A few dry dreams - but no awakening

13 Dreams Freud Never Had
September 30, 2005

J Allan Hobson, professor of psychiatry at Harvard Medical School, is probably the most prolific writer of popular science books on sleep and the science of dreaming. He is now in his seventies and has been working in the field of sleep since the mid-1960s. Hobson is one of the subject's leading neurophysiologists.

In this, his most personal book, he sets out to refute Freud's idea that the dream is a way of repressing unacceptable instinctual wishes. To do this he draws on the many recent discoveries about the neuroscience of dreaming.

Hobson has been responsible for a number of the key advances in understanding the chemical and cellular mechanisms responsible for the genesis and, according to his theories, content of dreams. To illustrate his hypothesis, he uses his own personal interpretation of 13 of his dreams (hence the title). This book is part popular science, part autobiography. However, this combination of styles is its weakness - the science is never fully elucidated, and only those aspects of Hobson's life that he feels are necessary to explain his dreams are presented. Because each chapter is based around the need to explain a specific dream, the book itself has an almost dreamlike structure, with fragments of autobiography and science scattered through the text.

It is because this book is so personal that its central argument is, in the end, unsatisfactory. Hobson decides what is important or relevant in his life to interpret his dreams and this allows him to make a connection, however tenuous, between his life and his dreams. We, the reader, have no other information concerning his life that would allow us to make an alternative interpretation. Freud, it should be remembered, interpreted other people's dreams.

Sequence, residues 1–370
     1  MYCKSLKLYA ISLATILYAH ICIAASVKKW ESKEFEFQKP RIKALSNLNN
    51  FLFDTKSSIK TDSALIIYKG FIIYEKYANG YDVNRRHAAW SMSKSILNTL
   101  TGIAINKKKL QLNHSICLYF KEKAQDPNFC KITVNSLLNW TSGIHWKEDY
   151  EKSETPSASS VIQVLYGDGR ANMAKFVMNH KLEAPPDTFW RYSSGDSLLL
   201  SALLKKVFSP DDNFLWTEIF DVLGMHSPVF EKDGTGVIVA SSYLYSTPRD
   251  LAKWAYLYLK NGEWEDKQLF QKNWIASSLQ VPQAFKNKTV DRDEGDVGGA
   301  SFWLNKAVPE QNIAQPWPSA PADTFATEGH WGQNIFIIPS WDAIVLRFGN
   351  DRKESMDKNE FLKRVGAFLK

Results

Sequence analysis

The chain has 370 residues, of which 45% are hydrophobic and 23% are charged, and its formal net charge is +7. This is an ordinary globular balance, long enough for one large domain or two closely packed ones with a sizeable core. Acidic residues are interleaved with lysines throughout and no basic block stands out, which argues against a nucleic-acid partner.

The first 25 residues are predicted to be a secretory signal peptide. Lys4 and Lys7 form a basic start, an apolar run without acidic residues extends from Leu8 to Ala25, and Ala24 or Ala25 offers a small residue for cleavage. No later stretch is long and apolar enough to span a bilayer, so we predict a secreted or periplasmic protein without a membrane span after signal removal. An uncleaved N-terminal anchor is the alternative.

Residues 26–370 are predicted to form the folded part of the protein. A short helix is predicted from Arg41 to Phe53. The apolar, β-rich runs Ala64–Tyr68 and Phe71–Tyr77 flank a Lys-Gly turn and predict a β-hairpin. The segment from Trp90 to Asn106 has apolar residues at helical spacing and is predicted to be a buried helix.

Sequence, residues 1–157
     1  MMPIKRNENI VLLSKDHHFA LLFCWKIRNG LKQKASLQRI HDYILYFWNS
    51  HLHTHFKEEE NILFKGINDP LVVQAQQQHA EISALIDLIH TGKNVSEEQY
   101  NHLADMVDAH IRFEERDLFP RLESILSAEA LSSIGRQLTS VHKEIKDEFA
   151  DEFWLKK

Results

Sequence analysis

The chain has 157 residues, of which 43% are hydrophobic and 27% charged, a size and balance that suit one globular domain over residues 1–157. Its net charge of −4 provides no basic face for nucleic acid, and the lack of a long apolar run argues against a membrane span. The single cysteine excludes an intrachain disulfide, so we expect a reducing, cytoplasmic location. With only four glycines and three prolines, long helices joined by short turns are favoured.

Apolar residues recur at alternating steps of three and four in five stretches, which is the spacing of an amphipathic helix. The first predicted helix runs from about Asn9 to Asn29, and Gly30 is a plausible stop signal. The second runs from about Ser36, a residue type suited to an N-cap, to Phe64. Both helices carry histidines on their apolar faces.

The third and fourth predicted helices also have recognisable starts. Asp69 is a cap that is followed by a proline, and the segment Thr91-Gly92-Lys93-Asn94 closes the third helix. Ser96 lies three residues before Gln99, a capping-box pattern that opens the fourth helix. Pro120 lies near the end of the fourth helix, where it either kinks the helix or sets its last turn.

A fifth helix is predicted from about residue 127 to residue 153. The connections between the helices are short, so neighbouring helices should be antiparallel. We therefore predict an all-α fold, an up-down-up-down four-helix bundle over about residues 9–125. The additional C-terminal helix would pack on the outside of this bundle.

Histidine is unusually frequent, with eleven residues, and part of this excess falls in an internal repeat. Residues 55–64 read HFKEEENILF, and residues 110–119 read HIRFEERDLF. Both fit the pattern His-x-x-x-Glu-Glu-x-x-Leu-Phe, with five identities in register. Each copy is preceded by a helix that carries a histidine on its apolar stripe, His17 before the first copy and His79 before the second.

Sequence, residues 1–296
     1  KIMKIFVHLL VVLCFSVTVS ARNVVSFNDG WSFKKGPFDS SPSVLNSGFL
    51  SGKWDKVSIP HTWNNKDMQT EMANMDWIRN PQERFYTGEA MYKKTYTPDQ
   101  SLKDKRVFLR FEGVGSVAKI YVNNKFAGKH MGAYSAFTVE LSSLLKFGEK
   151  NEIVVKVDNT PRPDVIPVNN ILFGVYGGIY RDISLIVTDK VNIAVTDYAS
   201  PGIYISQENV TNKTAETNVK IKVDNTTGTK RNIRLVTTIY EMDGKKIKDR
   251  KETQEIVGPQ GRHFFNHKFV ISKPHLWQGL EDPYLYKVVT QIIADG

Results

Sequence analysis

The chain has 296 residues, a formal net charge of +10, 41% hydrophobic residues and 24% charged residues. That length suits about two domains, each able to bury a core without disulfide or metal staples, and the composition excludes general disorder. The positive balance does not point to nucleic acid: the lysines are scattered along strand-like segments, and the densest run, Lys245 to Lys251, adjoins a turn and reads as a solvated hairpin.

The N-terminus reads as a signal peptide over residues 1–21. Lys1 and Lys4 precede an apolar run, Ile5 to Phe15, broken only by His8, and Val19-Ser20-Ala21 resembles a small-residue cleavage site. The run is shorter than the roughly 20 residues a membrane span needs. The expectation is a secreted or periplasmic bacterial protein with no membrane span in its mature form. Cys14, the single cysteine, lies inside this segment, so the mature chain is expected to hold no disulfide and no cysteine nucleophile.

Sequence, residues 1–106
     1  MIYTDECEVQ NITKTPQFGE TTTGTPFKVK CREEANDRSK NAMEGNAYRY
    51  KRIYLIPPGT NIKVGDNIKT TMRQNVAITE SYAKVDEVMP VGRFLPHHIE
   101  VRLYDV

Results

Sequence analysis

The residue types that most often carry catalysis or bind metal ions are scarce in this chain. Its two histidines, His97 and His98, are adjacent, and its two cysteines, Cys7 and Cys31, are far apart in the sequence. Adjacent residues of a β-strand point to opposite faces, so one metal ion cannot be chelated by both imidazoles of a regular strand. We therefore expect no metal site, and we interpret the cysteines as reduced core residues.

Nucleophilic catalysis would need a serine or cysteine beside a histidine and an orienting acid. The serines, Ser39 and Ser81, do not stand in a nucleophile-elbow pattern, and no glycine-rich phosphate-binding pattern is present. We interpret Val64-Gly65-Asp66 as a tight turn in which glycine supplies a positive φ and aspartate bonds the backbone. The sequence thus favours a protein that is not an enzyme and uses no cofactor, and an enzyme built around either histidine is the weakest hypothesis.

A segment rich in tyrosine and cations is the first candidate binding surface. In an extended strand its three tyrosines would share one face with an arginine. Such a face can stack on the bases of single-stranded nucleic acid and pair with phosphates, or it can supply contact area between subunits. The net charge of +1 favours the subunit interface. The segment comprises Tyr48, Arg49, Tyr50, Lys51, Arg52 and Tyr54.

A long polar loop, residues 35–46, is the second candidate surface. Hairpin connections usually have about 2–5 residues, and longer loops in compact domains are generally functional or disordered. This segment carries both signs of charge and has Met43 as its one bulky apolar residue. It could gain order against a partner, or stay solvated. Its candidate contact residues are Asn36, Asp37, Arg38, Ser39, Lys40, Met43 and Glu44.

One of the cardinal rules of science is not to select only the data that supports your theory, yet by his own account, Hobson has recorded only 350 of the possible 1,450 dreams that he has had during his life, and even then he often seems to remember only 25 per cent of their narrative. As we remember only those dreams during which we awake, we have no way of knowing the contents of the dreams we do not remember, thus what is the explanation for their unknown content? This is not to defend Freud but rather to point out that we could all find rational explanations for mundane dreams such as Hobson recounts in this book, which contain little that is frightening or fantastic and almost no violence or sex. For Hobson to give an interpretation of such dream "activities" based on everyday recollections from his life would provide more convincing support for his argument. This is not to criticise the science of Hobson's argument, but merely to suggest that it is the fantastic or weird that we want explained, not the mundane.

It seems that Hobson's major criticism of Freud, rather laboriously spelt out in the prologue and epilogue, is that Freud's book The Interpretation of Dreams (1900) was written without the benefit of the science that, Hobson contends, now proves him wrong. I believe this misses the real target.

If Hobson believes that there is a rational explanation for our dreams, he should have set about demolishing the modern-day Freudians, Jungians and others in the dream interpretation business, for they are the ones who have ignored the recent advances in neuroscience. If, like Hobson's imagined still-living Freud, you want to know about the new science of dreaming, then a much better introduction to the field is Hobson's book Dreaming (1999).

Neil Stanley is director of sleep research, Human Psychopharmacology Research Unit, Surrey University.

13 Dreams Freud Never Had

Author - J. Allan Hobson
Publisher - Pi Press
Pages - 204
Price - £18.50
ISBN - 0 13 147225 9

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